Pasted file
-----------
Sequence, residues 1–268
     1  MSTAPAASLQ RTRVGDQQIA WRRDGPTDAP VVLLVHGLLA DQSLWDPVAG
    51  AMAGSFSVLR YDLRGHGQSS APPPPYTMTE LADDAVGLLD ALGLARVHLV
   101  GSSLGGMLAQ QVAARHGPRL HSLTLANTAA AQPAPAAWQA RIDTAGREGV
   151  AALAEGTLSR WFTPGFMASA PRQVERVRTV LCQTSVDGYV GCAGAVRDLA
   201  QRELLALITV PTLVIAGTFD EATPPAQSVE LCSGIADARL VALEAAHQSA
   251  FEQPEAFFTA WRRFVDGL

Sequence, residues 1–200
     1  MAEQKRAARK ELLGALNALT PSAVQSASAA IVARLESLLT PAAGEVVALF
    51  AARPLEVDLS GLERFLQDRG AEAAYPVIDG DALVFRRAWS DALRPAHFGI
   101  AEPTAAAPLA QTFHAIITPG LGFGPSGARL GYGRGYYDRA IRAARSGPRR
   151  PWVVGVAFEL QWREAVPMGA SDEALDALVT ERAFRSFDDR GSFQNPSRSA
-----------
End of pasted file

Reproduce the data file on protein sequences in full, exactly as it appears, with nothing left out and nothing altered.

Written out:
Sequence, residues 1–268
     1  MSTAPAASLQ RTRVGDQQIA WRRDGPTDAP VVLLVHGLLA DQSLWDPVAG
    51  AMAGSFSVLR YDLRGHGQSS APPPPYTMTE LADDAVGLLD ALGLARVHLV
   101  GSSLGGMLAQ QVAARHGPRL HSLTLANTAA AQPAPAAWQA RIDTAGREGV
   151  AALAEGTLSR WFTPGFMASA PRQVERVRTV LCQTSVDGYV GCAGAVRDLA
   201  QRELLALITV PTLVIAGTFD EATPPAQSVE LCSGIADARL VALEAAHQSA
   251  FEQPEAFFTA WRRFVDGL

Sequence, residues 1–200
     1  MAEQKRAARK ELLGALNALT PSAVQSASAA IVARLESLLT PAAGEVVALF
    51  AARPLEVDLS GLERFLQDRG AEAAYPVIDG DALVFRRAWS DALRPAHFGI
   101  AEPTAAAPLA QTFHAIITPG LGFGPSGARL GYGRGYYDRA IRAARSGPRR
   151  PWVVGVAFEL QWREAVPMGA SDEALDALVT ERAFRSFDDR GSFQNPSRSA